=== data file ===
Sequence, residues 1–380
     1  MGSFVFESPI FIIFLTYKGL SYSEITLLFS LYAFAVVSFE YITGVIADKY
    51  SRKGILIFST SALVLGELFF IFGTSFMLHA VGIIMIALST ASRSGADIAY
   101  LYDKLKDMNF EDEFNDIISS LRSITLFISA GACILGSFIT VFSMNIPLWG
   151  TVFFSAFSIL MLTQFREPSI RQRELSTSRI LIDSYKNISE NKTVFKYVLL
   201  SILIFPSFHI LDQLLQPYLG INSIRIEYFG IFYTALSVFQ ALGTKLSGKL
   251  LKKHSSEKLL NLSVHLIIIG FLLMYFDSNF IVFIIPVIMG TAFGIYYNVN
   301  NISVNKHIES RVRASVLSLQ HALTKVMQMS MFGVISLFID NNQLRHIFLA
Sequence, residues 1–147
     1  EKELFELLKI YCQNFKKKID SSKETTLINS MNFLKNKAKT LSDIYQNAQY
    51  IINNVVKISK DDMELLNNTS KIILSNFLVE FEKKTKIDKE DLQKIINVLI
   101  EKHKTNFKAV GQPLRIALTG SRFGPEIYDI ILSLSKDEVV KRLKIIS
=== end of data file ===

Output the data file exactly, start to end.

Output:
Sequence, residues 1–380
     1  MGSFVFESPI FIIFLTYKGL SYSEITLLFS LYAFAVVSFE YITGVIADKY
    51  SRKGILIFST SALVLGELFF IFGTSFMLHA VGIIMIALST ASRSGADIAY
   101  LYDKLKDMNF EDEFNDIISS LRSITLFISA GACILGSFIT VFSMNIPLWG
   151  TVFFSAFSIL MLTQFREPSI RQRELSTSRI LIDSYKNISE NKTVFKYVLL
   201  SILIFPSFHI LDQLLQPYLG INSIRIEYFG IFYTALSVFQ ALGTKLSGKL
   251  LKKHSSEKLL NLSVHLIIIG FLLMYFDSNF IVFIIPVIMG TAFGIYYNVN
   301  NISVNKHIES RVRASVLSLQ HALTKVMQMS MFGVISLFID NNQLRHIFLA
Sequence, residues 1–147
     1  EKELFELLKI YCQNFKKKID SSKETTLINS MNFLKNKAKT LSDIYQNAQY
    51  IINNVVKISK DDMELLNNTS KIILSNFLVE FEKKTKIDKE DLQKIINVLI
   101  EKHKTNFKAV GQPLRIALTG SRFGPEIYDI ILSLSKDEVV KRLKIIS